Scientists Discovered Over 5,000 Never-Before-Seen Species Deep In The Ocean

robot inspects ocean floor - 5000 new species


More than 5,000 never-before-seen animal species have been discovered deep in the Pacific Ocean through various scientific expeditions in the Clarion-Clipperton Zone.

The Clarion-Clipperton Zone is a fracture zone with a depth of 2.5 to 3.7 miles and an area of about twice the size of India. It runs from Mexico to Hawaii and covers approximately 2.3 million square miles.

This discovery was recently published in the journal Current Biology.

In the report, lead author and deep-sea ecologist Muriel Rabone of the Natural History Museum in London states, “There are so many wonderful species in the CCZ. With the possibility of mining looming, it’s doubly important that we know more about these really understudied habitats.”

The mining she is referring to are deep-sea mining companies looking to harvest nodules of manganese, nickel and copper found deep in the ocean.

According to New Scientist, the scientists discovered 5,578 different species in the CCZ and estimate that as much as 92 percent of them are brand new to science. Only 438 of these species have been officially named thus far.

Rabone believes there could still be another 6,000 to 8,000 more unknown species present in the CCZ.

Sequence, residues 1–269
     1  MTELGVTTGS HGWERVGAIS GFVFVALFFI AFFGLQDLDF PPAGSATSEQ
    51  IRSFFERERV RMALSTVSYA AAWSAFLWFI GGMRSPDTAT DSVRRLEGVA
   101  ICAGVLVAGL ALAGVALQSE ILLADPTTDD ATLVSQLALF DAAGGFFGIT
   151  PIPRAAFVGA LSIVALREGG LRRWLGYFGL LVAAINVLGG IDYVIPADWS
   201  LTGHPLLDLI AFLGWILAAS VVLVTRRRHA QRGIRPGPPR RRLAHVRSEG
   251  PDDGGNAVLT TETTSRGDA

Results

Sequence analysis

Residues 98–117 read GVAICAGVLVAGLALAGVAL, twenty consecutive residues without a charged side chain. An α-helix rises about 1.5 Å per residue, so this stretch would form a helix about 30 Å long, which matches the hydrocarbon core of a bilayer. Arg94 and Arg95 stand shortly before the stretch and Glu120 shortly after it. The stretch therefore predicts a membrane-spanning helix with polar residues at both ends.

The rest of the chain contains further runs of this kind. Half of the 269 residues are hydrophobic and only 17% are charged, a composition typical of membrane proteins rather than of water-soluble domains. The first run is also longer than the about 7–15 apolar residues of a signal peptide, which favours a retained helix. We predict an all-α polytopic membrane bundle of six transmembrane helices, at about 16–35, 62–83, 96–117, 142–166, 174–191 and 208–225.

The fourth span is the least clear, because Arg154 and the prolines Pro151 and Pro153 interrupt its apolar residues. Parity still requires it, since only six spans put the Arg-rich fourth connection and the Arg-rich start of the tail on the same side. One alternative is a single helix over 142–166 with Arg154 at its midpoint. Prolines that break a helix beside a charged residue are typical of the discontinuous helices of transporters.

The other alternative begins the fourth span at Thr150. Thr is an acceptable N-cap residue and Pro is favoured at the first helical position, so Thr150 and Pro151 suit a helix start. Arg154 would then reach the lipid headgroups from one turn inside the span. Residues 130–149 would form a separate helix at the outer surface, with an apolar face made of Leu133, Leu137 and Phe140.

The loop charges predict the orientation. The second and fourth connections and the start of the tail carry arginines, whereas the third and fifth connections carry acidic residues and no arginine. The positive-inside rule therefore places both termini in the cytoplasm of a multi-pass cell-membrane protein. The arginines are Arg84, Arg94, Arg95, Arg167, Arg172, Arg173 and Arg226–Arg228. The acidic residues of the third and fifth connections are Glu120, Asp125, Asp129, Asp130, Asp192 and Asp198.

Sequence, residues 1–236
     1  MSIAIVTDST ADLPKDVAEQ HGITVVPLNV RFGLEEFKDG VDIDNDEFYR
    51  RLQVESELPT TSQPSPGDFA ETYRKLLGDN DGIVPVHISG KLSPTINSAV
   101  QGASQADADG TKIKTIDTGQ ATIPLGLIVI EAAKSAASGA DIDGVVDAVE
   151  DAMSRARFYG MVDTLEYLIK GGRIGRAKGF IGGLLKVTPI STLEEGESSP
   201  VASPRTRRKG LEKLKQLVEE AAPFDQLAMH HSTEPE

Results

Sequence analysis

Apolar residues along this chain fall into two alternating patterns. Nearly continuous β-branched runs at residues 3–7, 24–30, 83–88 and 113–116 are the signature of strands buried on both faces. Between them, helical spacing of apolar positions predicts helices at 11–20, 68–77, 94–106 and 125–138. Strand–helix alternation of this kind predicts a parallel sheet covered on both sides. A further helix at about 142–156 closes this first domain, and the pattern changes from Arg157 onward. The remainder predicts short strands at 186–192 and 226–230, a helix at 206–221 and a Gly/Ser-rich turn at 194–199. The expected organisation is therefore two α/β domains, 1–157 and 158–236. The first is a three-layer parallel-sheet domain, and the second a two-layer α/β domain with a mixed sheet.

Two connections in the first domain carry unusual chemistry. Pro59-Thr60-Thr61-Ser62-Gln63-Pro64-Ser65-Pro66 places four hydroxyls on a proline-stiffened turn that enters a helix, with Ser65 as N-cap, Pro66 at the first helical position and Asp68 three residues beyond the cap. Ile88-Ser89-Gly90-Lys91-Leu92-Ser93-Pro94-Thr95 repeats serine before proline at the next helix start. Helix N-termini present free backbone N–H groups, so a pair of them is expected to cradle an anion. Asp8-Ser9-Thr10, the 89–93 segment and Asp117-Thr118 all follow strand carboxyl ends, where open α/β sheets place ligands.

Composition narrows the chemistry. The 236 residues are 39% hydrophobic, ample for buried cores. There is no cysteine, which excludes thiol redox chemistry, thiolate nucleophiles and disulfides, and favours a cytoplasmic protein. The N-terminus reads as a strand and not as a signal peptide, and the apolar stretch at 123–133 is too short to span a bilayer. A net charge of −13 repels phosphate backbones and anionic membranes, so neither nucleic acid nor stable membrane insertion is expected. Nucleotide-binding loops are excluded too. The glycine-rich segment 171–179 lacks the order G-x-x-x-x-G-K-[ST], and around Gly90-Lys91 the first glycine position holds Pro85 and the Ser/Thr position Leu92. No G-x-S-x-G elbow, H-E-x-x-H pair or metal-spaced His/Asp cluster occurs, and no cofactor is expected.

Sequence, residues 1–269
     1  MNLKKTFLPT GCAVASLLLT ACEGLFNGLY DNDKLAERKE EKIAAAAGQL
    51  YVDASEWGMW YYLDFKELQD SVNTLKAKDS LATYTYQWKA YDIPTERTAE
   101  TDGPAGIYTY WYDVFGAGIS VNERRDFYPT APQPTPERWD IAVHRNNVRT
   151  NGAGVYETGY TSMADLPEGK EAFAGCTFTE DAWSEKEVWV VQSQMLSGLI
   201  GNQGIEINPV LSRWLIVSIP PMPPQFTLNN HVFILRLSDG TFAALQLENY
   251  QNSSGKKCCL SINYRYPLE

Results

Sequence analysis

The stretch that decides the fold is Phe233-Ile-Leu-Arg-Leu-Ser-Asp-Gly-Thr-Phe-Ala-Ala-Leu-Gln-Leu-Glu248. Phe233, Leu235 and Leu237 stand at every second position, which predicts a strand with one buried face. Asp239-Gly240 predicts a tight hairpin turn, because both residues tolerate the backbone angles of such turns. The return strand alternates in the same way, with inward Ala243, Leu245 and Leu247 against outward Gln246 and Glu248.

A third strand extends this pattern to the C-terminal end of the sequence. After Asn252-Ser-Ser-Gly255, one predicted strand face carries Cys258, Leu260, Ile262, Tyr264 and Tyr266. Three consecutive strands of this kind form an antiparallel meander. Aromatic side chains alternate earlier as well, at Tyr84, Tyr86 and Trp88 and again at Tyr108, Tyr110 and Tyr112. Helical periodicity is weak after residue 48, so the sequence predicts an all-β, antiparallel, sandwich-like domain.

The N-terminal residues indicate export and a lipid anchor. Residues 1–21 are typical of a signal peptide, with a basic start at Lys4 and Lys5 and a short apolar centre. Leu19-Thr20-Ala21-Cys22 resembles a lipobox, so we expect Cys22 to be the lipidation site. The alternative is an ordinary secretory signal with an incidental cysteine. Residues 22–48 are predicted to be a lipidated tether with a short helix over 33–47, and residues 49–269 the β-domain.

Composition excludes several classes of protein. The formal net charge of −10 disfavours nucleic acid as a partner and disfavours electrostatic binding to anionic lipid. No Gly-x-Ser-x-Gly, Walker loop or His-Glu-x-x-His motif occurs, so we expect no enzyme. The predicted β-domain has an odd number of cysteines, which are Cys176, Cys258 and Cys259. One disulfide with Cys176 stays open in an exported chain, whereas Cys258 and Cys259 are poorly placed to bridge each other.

“I think it would be ill-advised to be pushing ahead with mining without adequate knowledge,” said Rabone. “It’s particularly critical that we double down on the efforts to understand this region. Most of the species appear to be very rare.”

So far, no commercial mining has taken place in the CCZ, but there have been small-scale mining tests.

Live Science reports…

The most abundant phylum is arthropods — invertebrates with an exoskeleton such as sea spiders, barnacles and crustaceans — which makes up 27% of the database; followed by annelids, or segmented worms, which makes up 18% of the list; and nematodes, or non-segmented worms, which makes up 16% of the species listed. Other groups include cnidarians, a phylum including jellyfish and corals; poriferans, or sponges; mollusks, which include nudibranchs, bivalves and cephalopods; and the nearly indestructible tardigrades.

Of the named species listed in the CCZ checklist, only six have been recorded living outside the CCZ, which suggests that a majority of the unidentified species listed are also endemic to the region.

The CCZ does not fall under any one country’s jurisdiction so any deep-sea mining that takes place there will have to have the approval of the United Nations’ International Seabed Authority.

17 contracts to mine the CCZ have already been granted, covering 463,000 square miles, but “delays in developing regulations for deep-sea mining are holding up the start of operations,” according to New Scientist.

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